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Effect of Nanoparticles on the Bulk Shear Viscosity of a Lung Surfactant Fluid

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posted on 23.12.2019, 13:36 by Le-Phuong-Anh Thai, Fanny Mousseau, Evdokia Oikonomou, Milad Radiom, Jean-François Berret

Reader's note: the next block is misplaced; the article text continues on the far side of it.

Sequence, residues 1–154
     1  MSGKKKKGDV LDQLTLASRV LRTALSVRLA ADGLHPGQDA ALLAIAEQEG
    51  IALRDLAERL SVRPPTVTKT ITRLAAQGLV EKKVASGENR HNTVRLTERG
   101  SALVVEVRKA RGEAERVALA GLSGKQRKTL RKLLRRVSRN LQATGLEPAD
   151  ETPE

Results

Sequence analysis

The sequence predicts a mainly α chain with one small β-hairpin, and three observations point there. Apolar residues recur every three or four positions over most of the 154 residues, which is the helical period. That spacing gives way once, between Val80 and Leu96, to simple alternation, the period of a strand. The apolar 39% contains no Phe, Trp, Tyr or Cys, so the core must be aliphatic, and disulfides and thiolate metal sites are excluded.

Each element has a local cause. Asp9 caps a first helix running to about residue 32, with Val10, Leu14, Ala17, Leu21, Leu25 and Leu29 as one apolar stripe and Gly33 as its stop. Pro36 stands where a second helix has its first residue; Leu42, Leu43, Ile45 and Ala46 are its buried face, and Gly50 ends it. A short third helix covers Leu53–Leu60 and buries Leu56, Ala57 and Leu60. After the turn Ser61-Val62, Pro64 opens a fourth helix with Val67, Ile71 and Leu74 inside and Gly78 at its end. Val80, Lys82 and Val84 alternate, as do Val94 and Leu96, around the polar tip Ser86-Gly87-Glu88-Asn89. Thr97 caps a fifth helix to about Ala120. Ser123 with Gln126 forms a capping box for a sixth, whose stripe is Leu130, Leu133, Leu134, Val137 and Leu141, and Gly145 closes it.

Inhaled nanoparticles (<100 nm) reaching the deep lung region first interact with the pulmonary surfactant, a thin lipid film lining the alveolar epithelium. To date, most biophysical studies have focused on particle-induced modifications of the film interfacial properties. In comparison, there is less work on the surfactant bulk properties and on their changes upon particle exposure. Here we study the viscoelastic properties of a biomimetic pulmonary surfactant in the presence of various engineered nanoparticles. The microrheology technique used is based on the remote actuation of micron-sized wires via the application of a rotating magnetic field and on time-lapse optical microscopy. It is found that particles strongly interacting with lipid vesicles, such as cationic silica (SiO2, 42 nm) and alumina (Al2O3, 40 nm) induce profound modifications of the surfactant flow properties, even at low concentrations. In particular, we find that silica causes fluidification, while alumina induces a liquid-to-soft solid transition. Both phenomena are described quantitatively and accounted for in the context of colloidal physics models. It is finally suggested that the structure and viscosity changes could impair the fluid reorganization and recirculation occurring during breathing.

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